It’s crucial to make clear that the word “school refusal” is not helpful before moving forward. In most cases, a youngster does not consciously “refuse” to go; instead, they merely feel unable to for several reasons. Because of this, the phrase “school phobia” is used more frequently. Educating adolescents afraid of school is highly challenging to all parties concerned. The parents find it difficult to comprehend what is happening to their child and how to support your child. While still providing for their student’s educational needs, the teachers endeavour to support them. And perhaps most crucially, the young person is experiencing extreme exhaustion and cannot even begin to describe what is happening to them. The young person must receive support as soon as possible, and this can only occur if experts can all set our prejudices aside and take the time to comprehend school phobia.
Causes Of School Anxiety
It’s critical to remember that behaviour is a kind of communication because our brains do not fully develop until we are 25 years old. A youngster may feel unwilling to attend school for various reasons; some may be extremely obvious, while others may be more subtle or difficult to comprehend. Several instances include:
- They think differently because of identity problems or neurodiversity
- They have low self-esteem or negligible thought patterns (e.g., feeling that they are “not decent enough”, so there’s no point in participating)
- They are nervous about leaving a circumstance at home, such as a sick relative or family members who are divorcing
- They feel like they do not fit in; possibly because they are having difficulties with social contacts and feeling isolated
- They experience social worry and anxiety when interacting with others
- They struggle academically due to dyslexia, which makes them feel ignored or unappreciated
- They need to be safeguarded because they are being abused in some way (sexually, psychologically, labor-wise, criminally, over county lines, etc.)
- Their social, psychological, and cognitive demands create a barrier because they have neurodevelopmental difficulties, such as (confirmed or undiscovered) autism
It’s also worthwhile to learn about their sleep schedule because they can have a disrupted sleep pattern that makes it difficult for them to get up for school. This can result from staying up late playing video games or using social networks, or it might be an avoidance strategy for other persistent social and emotional problems (which the “escapism” provided by online playing or social media may also represent).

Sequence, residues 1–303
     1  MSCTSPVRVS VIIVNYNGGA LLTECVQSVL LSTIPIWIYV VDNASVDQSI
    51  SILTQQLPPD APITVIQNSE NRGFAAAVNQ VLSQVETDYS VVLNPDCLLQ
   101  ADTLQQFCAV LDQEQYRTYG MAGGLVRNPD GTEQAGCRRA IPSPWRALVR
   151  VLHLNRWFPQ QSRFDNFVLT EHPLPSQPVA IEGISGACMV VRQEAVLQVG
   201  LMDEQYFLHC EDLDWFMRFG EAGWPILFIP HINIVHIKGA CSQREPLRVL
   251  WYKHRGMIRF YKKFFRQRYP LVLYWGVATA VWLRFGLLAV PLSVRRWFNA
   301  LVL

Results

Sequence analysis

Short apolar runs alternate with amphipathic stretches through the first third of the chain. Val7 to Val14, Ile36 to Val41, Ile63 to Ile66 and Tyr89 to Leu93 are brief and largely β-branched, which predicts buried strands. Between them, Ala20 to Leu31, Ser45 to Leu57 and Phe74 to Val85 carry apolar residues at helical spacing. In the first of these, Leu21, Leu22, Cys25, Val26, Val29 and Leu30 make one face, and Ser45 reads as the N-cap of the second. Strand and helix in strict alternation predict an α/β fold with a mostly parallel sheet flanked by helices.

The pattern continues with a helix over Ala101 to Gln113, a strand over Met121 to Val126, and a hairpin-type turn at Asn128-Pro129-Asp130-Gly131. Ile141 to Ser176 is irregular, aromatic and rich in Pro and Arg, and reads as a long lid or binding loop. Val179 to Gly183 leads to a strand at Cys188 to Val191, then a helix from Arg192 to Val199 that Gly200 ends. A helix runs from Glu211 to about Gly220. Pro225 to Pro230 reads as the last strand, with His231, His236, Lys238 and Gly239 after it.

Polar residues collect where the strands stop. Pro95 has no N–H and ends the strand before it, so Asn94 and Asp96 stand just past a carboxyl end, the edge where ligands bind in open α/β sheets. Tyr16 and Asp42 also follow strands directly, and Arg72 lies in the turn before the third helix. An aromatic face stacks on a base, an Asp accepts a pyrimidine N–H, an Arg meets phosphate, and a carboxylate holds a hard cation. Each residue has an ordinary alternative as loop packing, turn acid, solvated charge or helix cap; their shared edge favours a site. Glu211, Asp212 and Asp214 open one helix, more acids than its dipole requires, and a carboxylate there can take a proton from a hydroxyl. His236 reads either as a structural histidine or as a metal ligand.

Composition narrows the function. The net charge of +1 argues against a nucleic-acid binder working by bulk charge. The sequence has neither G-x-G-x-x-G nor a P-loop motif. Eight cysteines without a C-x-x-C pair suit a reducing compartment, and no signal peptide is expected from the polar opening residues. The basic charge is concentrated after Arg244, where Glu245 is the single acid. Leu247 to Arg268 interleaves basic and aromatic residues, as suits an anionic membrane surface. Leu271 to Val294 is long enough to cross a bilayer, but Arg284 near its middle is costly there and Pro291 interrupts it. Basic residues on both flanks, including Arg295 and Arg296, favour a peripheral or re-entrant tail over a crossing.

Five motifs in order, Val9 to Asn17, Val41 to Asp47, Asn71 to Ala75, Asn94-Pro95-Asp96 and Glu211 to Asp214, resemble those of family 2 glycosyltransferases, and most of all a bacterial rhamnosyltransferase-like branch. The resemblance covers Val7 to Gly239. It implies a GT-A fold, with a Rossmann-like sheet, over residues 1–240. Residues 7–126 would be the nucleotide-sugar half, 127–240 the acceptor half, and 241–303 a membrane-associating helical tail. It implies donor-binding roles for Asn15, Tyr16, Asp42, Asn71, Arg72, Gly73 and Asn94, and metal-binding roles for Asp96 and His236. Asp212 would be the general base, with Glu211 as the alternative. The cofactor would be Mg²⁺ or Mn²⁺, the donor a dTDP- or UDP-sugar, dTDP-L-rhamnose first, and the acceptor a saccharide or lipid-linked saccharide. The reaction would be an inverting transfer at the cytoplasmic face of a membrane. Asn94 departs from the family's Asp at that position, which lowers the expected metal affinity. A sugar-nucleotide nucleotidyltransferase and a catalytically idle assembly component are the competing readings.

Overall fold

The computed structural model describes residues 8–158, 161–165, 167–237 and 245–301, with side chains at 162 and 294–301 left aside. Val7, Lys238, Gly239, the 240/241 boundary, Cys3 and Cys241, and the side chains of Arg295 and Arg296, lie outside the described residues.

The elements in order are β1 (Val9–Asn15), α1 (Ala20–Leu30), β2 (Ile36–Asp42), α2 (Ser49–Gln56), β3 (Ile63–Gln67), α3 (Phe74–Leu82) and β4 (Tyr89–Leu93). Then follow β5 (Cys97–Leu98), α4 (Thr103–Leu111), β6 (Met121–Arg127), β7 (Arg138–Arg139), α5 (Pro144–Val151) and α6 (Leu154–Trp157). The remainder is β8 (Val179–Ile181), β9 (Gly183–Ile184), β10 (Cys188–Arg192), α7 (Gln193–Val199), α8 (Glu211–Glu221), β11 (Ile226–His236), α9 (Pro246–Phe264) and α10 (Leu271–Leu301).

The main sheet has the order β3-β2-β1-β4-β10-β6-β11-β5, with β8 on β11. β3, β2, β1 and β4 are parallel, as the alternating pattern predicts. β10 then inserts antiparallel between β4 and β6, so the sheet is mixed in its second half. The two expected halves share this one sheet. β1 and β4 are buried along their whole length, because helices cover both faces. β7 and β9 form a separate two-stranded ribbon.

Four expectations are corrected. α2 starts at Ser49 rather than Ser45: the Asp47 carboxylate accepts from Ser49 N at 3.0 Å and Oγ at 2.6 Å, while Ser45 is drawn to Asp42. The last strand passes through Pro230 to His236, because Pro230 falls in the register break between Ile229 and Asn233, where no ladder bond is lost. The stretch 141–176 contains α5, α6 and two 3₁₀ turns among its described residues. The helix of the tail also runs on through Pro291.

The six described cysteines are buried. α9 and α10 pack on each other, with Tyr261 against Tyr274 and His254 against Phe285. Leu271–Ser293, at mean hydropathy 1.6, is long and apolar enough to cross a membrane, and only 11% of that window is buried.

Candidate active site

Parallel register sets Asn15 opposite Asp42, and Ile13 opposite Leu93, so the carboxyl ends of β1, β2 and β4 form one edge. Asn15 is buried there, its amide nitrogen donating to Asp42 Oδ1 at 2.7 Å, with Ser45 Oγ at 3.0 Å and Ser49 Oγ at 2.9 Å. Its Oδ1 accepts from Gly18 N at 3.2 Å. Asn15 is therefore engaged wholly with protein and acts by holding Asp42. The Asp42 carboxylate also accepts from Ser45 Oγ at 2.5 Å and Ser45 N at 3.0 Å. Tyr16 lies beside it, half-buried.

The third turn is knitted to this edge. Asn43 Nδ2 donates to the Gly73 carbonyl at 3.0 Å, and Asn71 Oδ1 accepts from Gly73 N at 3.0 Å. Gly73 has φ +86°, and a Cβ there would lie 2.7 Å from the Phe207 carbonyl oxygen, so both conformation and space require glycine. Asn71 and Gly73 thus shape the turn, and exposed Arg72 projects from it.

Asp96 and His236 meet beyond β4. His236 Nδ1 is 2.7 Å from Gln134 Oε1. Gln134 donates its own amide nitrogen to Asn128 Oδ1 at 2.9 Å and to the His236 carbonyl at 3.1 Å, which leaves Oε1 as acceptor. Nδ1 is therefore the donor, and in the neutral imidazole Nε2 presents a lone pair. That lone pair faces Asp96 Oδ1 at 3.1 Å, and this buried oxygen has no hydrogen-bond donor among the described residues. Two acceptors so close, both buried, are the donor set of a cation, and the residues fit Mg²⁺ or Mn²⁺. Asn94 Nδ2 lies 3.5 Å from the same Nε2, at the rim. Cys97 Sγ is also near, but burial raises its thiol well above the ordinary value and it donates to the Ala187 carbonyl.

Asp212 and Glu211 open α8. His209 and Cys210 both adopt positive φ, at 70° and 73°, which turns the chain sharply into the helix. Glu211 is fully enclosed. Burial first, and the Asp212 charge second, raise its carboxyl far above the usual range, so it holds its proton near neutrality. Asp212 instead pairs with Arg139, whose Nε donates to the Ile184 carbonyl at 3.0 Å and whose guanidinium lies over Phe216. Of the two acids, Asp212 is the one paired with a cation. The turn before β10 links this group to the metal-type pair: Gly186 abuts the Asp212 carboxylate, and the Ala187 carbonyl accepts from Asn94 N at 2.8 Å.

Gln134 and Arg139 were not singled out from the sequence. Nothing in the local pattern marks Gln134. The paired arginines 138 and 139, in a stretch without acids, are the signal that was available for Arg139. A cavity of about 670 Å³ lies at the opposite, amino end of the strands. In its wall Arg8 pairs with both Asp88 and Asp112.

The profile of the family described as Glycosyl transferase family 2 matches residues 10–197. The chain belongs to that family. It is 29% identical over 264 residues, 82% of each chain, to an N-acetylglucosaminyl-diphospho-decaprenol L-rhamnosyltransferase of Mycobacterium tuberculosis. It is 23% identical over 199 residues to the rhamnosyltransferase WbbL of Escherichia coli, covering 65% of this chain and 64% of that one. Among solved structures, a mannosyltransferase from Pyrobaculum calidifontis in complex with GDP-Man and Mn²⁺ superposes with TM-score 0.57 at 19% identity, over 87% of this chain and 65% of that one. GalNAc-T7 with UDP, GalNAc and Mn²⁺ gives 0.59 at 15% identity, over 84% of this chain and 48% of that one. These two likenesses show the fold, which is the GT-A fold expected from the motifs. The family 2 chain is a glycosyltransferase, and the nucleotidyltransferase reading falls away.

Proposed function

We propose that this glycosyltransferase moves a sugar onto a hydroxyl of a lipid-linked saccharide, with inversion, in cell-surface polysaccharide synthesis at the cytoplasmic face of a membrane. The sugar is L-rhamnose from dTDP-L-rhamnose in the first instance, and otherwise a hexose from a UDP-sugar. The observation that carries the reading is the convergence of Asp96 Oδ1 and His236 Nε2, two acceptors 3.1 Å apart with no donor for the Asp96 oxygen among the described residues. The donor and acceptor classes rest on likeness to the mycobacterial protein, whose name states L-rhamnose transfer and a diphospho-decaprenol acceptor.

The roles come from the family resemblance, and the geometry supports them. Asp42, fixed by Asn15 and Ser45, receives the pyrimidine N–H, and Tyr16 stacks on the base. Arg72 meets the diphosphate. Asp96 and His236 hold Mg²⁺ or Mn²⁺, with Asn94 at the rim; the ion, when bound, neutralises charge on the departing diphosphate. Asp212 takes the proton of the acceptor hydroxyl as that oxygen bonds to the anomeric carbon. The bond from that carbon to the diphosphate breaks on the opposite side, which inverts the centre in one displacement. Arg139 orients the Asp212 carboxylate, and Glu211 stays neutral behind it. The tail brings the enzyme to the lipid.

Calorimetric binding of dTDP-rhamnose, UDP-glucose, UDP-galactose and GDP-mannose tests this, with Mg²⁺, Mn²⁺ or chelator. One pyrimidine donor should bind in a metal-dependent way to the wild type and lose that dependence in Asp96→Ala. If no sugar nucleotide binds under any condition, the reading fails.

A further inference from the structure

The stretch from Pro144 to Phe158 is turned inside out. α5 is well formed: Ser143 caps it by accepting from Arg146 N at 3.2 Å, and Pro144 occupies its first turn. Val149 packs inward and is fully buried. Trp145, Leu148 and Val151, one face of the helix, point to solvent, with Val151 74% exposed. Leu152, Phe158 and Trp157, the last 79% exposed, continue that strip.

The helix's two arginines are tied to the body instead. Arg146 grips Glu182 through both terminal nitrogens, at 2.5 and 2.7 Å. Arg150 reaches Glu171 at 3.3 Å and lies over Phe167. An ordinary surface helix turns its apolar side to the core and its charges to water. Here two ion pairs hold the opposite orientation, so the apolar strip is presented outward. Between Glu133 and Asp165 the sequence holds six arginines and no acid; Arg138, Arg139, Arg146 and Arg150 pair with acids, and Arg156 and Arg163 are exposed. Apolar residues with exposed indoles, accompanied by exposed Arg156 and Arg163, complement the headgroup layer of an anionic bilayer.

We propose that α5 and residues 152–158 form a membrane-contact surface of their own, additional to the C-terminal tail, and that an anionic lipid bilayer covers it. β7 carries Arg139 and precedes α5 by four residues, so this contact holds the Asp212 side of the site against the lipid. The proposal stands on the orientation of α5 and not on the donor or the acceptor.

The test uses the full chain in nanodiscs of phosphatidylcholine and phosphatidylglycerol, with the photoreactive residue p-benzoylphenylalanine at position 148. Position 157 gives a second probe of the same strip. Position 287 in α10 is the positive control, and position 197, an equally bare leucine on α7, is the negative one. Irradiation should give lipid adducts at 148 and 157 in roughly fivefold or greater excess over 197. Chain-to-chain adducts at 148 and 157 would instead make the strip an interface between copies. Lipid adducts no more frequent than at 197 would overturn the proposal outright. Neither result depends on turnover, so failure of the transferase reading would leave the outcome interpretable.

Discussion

Being overly weary can also signify depression because when the body closes down to protect oneself, it can be challenging to get up in the mornings.
Helping Students Who are Afraid of School
Schools are constantly busy, and teachers must balance the need to improve students’ academic performance with the duty of supporting their well-being. Nevertheless, with so many students in a single class, it’s not always simple to tell when a child is having trouble, especially if that youngster is skilled at hiding their problems. And it’s even more complicated if the kid can’t attend school. When a youngster feels alone or unnoticed, it can be uncomfortable since, for them, school is frequently more about social activity than scholastic rewards. A youngster unable to attend school is likely to feel unnoticed, lonely, or as though no one is interested in them.
Teachers must engage students at their level. To sincerely listen to the youngster without passing judgment or reprimanding them. It’s critical to promote open communication about what’s happening for them, their anxieties, and whether they have any suggestions for what would be of assistance. Then, concentrate on the child’s abilities and expand on those. It’s crucial to remember that kids frequently find it challenging to speak up at huge gatherings with teachers, parents, and other adults.
They might find it easier to speak with someone they trust beforehand who can act as an ally for them. Letting the youngster know they are not in danger and are not isolated are just a few simple things that can go a long way. Approaching this challenge from such a “together” angle might reassure the child and inspire confidence in problem-solving.
Identify a specific school area where the child can go without being seen when they need help. Consider what this space is also used for; for example, barring areas for troublesome or misbehaving pupils are not very warm if one has a mental health emergency.
If a kid is having trouble getting to school right now, it can be helpful for them to talk to someone in a nonjudgmental setting where they can be heard and supported as they analyse and understand their emotions.